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Some glaucoma drugs may be able to slow Alzheimer’s linked cognitive decline. Yoshiyoshi Hirokawa/Getty Images
  • New research indicates that glaucoma drugs can prevent cognitive impairment linked to Alzheimer’s disease in mice.
  • The drugs work by clearing amyloid beta from blood vessels, lowering inflammation, and improving cell function.
  • Neuroscientists agree the results of the study are promising, however; further research is needed in humans.

One of the main warning signs of Alzheimer’s Disease (AD) is the accumulation of amyloid beta in the brain’s blood vessels. Amyloid beta is a protein that contributes to plaque buildup, which can impact the amount of nutrients and oxygen the brain receives.

Ultimately, this can cause cerebral amyloid angiopathy (CAA), a leading cause of cognitive decline among older adults.

To explore this concept further, researchers at the Lewis Katz School of Medicine at Temple University investigated two FDA approved drugs to see if they mitigate the effects of CAA and cognitive decline in a model of Alzheimer’s.

They made an interesting discovery and found that glaucoma drugs prevent cognitive impairment linked to Alzheimer’s disease in mice.

The study was published in the journal Alzheimer’s & Dementia.

Researchers conducted this study with mice using carbonic anhydrase inhibitors (CAIs), which help treat other conditions including glaucoma and high-altitude sickness.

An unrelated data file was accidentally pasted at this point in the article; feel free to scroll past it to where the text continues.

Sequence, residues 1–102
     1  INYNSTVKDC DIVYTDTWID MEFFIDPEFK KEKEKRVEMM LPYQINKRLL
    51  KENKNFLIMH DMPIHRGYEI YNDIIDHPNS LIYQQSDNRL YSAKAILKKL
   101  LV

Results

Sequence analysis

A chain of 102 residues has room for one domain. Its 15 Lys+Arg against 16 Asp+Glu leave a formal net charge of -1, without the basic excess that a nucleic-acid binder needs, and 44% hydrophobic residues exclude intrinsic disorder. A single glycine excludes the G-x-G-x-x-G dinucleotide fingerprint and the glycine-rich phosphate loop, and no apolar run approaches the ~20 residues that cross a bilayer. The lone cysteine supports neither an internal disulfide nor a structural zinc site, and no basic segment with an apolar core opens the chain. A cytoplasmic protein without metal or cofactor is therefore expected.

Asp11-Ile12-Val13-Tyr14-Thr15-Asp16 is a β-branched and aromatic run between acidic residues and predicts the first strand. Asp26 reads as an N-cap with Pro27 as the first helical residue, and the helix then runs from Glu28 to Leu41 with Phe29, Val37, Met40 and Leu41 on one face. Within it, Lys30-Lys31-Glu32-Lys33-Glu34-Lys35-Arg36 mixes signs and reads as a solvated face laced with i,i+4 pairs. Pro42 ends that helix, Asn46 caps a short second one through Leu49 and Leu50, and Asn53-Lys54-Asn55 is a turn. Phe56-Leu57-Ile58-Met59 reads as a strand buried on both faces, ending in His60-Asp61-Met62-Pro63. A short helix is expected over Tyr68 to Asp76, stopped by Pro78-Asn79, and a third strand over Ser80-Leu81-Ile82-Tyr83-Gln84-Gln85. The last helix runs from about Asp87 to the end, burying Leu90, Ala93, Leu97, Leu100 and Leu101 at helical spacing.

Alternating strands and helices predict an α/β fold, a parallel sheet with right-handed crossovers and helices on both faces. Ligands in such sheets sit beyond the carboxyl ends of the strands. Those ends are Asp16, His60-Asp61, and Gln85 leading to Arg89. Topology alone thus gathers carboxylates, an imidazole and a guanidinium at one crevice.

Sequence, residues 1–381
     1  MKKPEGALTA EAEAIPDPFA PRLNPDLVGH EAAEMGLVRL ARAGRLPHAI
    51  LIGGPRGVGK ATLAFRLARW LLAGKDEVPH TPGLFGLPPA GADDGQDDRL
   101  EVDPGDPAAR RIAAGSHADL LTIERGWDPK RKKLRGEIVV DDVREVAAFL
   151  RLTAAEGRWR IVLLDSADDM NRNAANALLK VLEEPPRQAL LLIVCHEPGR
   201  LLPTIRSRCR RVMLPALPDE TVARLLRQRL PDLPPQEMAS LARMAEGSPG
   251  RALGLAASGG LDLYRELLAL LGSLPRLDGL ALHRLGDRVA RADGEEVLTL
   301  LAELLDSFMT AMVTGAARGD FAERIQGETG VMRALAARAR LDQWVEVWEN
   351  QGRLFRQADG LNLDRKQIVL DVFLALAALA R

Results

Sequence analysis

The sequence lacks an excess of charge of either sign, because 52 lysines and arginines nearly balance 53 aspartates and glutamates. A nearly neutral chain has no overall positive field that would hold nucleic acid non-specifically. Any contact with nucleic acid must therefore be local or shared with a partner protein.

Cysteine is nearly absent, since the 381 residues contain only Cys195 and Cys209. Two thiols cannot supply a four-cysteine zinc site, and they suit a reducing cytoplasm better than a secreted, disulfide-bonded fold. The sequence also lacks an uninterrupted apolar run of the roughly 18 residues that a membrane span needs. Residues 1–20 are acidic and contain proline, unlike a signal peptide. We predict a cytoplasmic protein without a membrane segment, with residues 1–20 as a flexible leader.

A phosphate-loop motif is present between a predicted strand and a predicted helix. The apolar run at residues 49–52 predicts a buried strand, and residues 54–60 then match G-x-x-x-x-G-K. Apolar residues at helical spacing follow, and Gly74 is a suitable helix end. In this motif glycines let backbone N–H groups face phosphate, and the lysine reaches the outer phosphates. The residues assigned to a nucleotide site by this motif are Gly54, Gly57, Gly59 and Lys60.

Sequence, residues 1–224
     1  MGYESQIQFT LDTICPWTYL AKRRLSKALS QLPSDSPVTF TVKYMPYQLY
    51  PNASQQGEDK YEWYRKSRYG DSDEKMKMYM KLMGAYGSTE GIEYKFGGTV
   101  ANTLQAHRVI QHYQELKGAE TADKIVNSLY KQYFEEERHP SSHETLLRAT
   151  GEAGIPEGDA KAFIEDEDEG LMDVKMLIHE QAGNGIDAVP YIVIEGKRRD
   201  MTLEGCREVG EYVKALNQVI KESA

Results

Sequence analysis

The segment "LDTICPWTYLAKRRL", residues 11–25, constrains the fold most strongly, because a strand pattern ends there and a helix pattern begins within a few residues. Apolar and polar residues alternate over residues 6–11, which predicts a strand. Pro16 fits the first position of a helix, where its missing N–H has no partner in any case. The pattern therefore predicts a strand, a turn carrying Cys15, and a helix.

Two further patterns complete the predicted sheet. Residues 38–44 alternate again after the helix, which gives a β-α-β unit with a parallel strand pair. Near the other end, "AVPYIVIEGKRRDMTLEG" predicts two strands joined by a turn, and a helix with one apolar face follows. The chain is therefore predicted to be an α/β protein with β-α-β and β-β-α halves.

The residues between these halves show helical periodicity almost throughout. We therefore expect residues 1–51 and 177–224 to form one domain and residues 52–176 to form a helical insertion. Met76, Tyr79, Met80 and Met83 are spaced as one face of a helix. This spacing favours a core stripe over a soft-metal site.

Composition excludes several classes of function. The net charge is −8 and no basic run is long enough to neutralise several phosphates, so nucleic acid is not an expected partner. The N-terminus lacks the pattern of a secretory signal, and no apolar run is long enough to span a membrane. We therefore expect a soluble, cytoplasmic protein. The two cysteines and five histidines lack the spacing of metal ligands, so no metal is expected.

The drugs also help get rid of amyloid beta from blood vessels and glial cells, which ultimately helps prevent cognitive impairment, lowering inflammation and improving cell function.

Keiland Cooper, a doctoral researcher in cognitive science and neuroscience at the University of California, Irvine, explained to Medical News Today how amyloid beta affects the brain of a person with Alzheimer’s disease.

“Amyloid beta is a protein that is naturally produced in the brain. In the healthy brain, it is thought to play a role in neuronal development and synaptic plasticity,” said Cooper.

“However, in people with Alzheimer’s disease, amyloid beta can form plaques that build up between neurons. These plaques are one of the two classical hallmarks of the disease— plaques and tau tangles. These plaques are thought to damage the neurons and lead to cognitive decline,” he continued.

This relates to the “amyloid hypothesis,” which theorizes that amyloid beta is the main cause of Alzheimer’s disease.

“This theory is supported by the fact that people with Alzheimer’s disease have high levels of amyloid beta in their brains and that amyloid beta plaques can be found in the brains of people with Alzheimer’s disease even before they start to show symptoms,” Cooper said.

However, studies in recent years have discredited the amyloid hypothesis.

For example, Cooper explained that some studies have shown that people with Alzheimer’s disease can have low levels of amyloid beta and that some people with high levels of amyloid beta do not develop Alzheimer’s disease.

This suggests that amyloid beta may not be the only cause of Alzheimer’s disease and that other factors may also play a role.

This study may pave the way for a new way of thinking regarding treatment for AD.

“It’s good to see research focused not only on the typical amyloid pathology we think about in Alzheimer’s disease, but also on cerebral amyloid angiopathy (CAA),” Dr. Adam Mecca, Ph.D., assistant professor at the Yale School of Medicine and associate director of the Alzheimer’s Disease Research Unit at the Alzheimer’s Disease Research Center, told MNT.